This is incredibly blue and sooooo lovely! The salvia is everso slightly purply, but everything else looks a true blue. I am always on the look-out for true blues for my Moon Bed, The gravy boat is perfect and I love the theme and story of your Mum coming to England on a slow boat from China… I hope you will elaborate one day! Have a wondrful week in your garden. πŸ˜ƒ
    Here is my vase for today:

    In a Vase on Monday: Sommersonne

    • Cathy says:

      Thanks Cathy – I have some larkspur now just coming into flower too, but it was too late for the vase (germination is always such a struggle, but any that do germinate grow on really quickly. I think I had 5 seedlings this year) Filling my blue & white border has been difficult but it’s very gradually getting there. Not a lot more to say about my Mum, but my grandparents were missionaries and my Mum and her sister were being sent back to go to school (they had been home schooled up to that point) – and they wore their flower fairy outfits at some event on the boat, which is how the converstion came up actually πŸ˜‰

      • Cathy says:

        What an amazing experience for a child in the 1930s. My Mum was telling me only the other day how her Great Aunt went to the US on the Queen Mary in the 1950s at the age of 80. It was quite an adventure for her. It used to be a wonderful form of travel I think. πŸ˜ƒ

  5. What a great blue vase! The flowers too πŸ˜†πŸ˜†πŸ˜† I’m not having much success with Salvia this year, the summer has been too dry even for them, so your vase us perfect. I’m in the ‘cut and plonk’ category this week!

    • Cathy says:

      Evebn though I (unusually!) conditioned the stems in water for a few hours, the salvia was still droopy when I put the vase together, but it has perked up now. In the ground, it doesn’t seem to mind therelatively dry summer we have been having

  6. My favorite Blue Willow China with blue flowers! I love it! I have a gravy boat as well, very heirloom, pieced back together by my grandmother, so it won’t hold water…I love the Salvias and want some of both. Here is my vase. Thank you for hosting.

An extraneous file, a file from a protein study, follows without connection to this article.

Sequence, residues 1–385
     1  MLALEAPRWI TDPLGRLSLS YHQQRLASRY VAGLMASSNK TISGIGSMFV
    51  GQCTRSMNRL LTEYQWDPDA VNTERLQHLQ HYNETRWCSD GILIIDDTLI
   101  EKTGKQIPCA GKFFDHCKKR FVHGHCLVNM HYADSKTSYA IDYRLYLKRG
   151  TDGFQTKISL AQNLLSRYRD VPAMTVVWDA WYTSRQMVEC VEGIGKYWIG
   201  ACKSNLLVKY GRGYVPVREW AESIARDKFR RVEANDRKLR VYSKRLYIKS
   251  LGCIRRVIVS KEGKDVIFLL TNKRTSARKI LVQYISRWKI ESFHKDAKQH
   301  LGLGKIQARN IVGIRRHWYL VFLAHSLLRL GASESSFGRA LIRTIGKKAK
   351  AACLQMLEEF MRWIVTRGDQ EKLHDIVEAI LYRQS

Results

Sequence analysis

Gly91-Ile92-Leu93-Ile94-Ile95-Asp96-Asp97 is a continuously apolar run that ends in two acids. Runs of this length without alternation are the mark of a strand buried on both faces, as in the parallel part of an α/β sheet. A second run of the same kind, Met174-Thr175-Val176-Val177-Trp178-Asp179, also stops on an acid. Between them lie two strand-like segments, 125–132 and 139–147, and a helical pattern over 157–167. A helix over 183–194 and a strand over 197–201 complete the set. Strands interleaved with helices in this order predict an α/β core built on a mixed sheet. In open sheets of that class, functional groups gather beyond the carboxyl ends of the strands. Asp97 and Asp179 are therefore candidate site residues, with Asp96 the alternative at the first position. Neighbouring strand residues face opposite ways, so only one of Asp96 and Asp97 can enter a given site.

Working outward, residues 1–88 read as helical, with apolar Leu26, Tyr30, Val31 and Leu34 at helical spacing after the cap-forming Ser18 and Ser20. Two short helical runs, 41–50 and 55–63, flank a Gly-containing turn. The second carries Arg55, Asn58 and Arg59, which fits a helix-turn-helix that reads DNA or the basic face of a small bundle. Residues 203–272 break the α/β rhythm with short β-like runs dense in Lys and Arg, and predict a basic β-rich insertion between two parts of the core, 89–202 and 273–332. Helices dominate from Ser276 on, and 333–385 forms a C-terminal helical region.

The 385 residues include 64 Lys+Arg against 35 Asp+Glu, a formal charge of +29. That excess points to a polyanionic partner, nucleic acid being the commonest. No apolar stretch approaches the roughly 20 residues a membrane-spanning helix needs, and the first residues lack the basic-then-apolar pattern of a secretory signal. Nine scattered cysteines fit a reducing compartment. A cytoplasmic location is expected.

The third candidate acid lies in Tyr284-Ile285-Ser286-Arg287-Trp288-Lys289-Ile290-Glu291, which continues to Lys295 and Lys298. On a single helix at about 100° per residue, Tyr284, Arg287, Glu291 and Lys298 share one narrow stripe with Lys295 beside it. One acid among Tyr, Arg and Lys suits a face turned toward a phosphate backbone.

7. bcparkison says:

    The blues are refreshing.

  8. Kris P says:

    Your arrangement is gorgeous, Cathy. I love the clematis and was surprised to see that there is a blue clary sage (not that the plain old clary sage I planted in my garden is doing at all well). As today is Independence Day in the US, I scavenged some of that color up myself this week:

    • Cathy says:

      Thanks Kris. I think clary sage can refer to different things – this is S viridis and I grow white and pink versions too.

  9. alison41 says:

    Your gravy boat was an inspired choice for todays post – perfectly complemented your selection of blues. Really enjoyed the flowers, the vase and the text. I also remember the song, slow boat to China, & like you, have always thought it a dreadful prospect. No thanks! Variety is the spice of life in my world.

  10. hb says:

    Gorgeous, gorgeous blues. Great arrangement.

  11. Blue! (My favourite colour). I really like the use of clematis in the arrangement Cathy. Does it hold its flowers up well?

    • Cathy says:

      Thanks Allison – I have rarely used clematis, but this has done really well in the vase. I suppose the stems of these sprawling ones are stouter and will hold up nbetter than theose that climb – there are certainly others I have looked at since which I think could work well in a vase too

  12. Creative display.

  13. tonytomeo says:

    Blue is the loneliest color. Actually, I can not confirm that. I do know though, that true blue is uncommon. Most blue flowers are somewhat purplish.